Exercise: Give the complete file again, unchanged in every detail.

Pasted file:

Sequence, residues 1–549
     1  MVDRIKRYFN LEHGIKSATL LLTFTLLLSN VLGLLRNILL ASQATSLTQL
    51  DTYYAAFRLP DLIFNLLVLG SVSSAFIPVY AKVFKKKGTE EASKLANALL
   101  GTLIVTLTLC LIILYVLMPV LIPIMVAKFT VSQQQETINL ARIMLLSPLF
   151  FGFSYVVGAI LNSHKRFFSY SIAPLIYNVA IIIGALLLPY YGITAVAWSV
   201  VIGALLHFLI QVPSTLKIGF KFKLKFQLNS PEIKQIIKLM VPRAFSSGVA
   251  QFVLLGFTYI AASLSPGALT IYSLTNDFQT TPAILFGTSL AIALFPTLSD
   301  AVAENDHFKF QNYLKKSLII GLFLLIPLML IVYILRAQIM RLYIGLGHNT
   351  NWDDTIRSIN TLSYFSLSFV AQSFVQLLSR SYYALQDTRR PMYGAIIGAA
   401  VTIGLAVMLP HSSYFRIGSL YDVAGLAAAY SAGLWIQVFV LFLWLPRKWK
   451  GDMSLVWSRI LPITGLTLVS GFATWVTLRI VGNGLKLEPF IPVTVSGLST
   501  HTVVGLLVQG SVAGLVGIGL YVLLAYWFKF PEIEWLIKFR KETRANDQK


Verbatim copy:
Sequence, residues 1–549
     1  MVDRIKRYFN LEHGIKSATL LLTFTLLLSN VLGLLRNILL ASQATSLTQL
    51  DTYYAAFRLP DLIFNLLVLG SVSSAFIPVY AKVFKKKGTE EASKLANALL
   101  GTLIVTLTLC LIILYVLMPV LIPIMVAKFT VSQQQETINL ARIMLLSPLF
   151  FGFSYVVGAI LNSHKRFFSY SIAPLIYNVA IIIGALLLPY YGITAVAWSV
   201  VIGALLHFLI QVPSTLKIGF KFKLKFQLNS PEIKQIIKLM VPRAFSSGVA
   251  QFVLLGFTYI AASLSPGALT IYSLTNDFQT TPAILFGTSL AIALFPTLSD
   301  AVAENDHFKF QNYLKKSLII GLFLLIPLML IVYILRAQIM RLYIGLGHNT
   351  NWDDTIRSIN TLSYFSLSFV AQSFVQLLSR SYYALQDTRR PMYGAIIGAA
   401  VTIGLAVMLP HSSYFRIGSL YDVAGLAAAY SAGLWIQVFV LFLWLPRKWK
   451  GDMSLVWSRI LPITGLTLVS GFATWVTLRI VGNGLKLEPF IPVTVSGLST
   501  HTVVGLLVQG SVAGLVGIGL YVLLAYWFKF PEIEWLIKFR KETRANDQK